For centuries, male and female ao dai were cut similarly, except that the neck of the women’s ao dai was about two cm high, while the male collar measured 3.5cm. The wide, down-curved hem, about 80cm across, hung about 10cm below the knee. Royal’s ao dai were of standard cut but were fashioned in different colors and materials.

Long ago city ladies had their ao dai made from colorful silk brocades and lampas. French influence popularized velvets in shades of burgundy, dark green and dark blue. While town women wore five-paneledao dai, or nam ta, women in the countryside had front-opening four-panel ao dai called tu than. The rural tu than were made from hemp-based fabrics, normally in a brown or brownish-fuchsia color.

The tu than tunics worn by wealthy countryside people at Tet were beautiful,with eight flowing silk strips in front. The inner-most layer featured two strips in the color of a lotus flower, about two meters long and 25cm wide, which wrappered around the waist and the knotted to make a bow in front. Next came the two long ends of a light yellow crepe money belt, and finally a bow and strips formed by a soft green silk belt. The two dark brown front flaps of thetunic were lightly tied under those strips to enhance their vivid colors.

Well-dressed Men

As for men’s ao dai, father Cristoforo Borri, an Italian Catholic priest who traveled through the northern Principality (today’s northern Vietnam) in the 17th century, wrote in his 1631 book “Relations de la Nouvelle Mission des Peres de la Compagnie de Jesus au Royaume de la Cochinchine” that most northern men wore a blackao dai over other layers on most festive occasions. This remained unchanged in Vietnam until recently.

Traditional ao dai pants were moderately wide with a low crotch. Conventionally, married women wore black satin pants with their ao dai. Young maidens and men wore white ao dai pants. In Hue people of all ages and sexes wore only white pants. Hue’s upper-classes of both sexes added tree pleats to their pant’s outer edges so that the pants flared out when they moved. These pleated pants are called chít-ba.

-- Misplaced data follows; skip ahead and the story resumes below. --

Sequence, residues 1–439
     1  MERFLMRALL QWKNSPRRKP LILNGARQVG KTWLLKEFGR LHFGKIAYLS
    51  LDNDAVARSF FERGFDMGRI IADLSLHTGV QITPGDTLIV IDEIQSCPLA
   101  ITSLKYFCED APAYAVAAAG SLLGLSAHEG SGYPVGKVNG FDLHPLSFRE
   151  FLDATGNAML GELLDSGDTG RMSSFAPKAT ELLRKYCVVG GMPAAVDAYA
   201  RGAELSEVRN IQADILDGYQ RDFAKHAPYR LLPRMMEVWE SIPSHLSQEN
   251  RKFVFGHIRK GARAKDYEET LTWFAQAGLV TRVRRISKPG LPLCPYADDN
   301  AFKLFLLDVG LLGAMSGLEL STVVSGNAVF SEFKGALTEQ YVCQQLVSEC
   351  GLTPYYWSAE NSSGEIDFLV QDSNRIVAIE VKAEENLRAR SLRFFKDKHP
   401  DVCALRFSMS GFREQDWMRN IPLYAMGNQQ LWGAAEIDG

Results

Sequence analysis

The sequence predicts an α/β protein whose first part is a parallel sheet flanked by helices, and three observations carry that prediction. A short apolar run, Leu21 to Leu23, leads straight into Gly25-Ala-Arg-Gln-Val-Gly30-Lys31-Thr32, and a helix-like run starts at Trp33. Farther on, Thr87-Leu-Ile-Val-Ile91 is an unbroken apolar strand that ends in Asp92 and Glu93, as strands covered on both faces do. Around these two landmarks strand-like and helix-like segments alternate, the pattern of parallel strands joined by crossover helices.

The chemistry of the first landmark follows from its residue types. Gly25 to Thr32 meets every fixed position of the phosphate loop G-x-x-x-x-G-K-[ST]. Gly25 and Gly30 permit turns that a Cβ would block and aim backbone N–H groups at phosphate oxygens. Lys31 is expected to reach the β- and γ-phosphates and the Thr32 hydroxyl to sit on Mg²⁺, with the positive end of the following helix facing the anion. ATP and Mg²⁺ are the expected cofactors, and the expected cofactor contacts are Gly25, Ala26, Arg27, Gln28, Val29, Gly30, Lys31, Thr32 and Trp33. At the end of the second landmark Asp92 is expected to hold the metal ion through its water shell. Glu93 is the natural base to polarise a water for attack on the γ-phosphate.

Following the mishaps of history that have marred so many traditions, Vietnam is bouncing back in peace time. With Vietnamese people’s innate pride in their culture, it will not be long until visitors can witness a traditional Vietnamese Tet, complete with authentic and colorful ao dai.

The costume of women in South Vietnam has gone through many stages of development, but still preserves its distinctive and unique imprints of the traditional culture.


Costumes of southern women and children in the old days

Attires of southern women in the old days

Initially, the women’s costume in the North of Vietnam was ao tu than (four-piece blouse) with a bodice, a skirt and a headscarf of the ancient Vietnamese women. When the country was separated into Dang Trong (the South) and Dang Ngoai (the North), the Lords of Dang Trong instituted a cultural reform, including a costume reform to differentiate local people’s costumes from those in Dang Ngoai.

Wedding dresses in the old days

In the 18th century, the southern women wore long five-flap shirts with black loose trousers, with their hair in a high bun and they walked barefooted both at work and in the town. And this five-piece shirt was considered as the forerunner to the current ao dai of southern women, which was preserved due to the development of the sericulture and fabric weaving. As there was a class division in the feudal society, common women wore long black shirts made from coarse materials, whereas upper class women wore shirts made from smooth and cloths with "main colors" such as yellow, blue, red and purple. They usually wore long shirts in blue or violet, their hair in a bun, curved shoes and flat balm hat with fringes. Besides, dark hues were considered more suitable for women living in wet areas.

At that time, the wedding gown comprised a halter-neck and a long-sleeved shirt, which were redesigned from ao mo ba mo bay (shirt of several flaps), to be suitable to the sultry weather.

Wedding costumes in the 1940s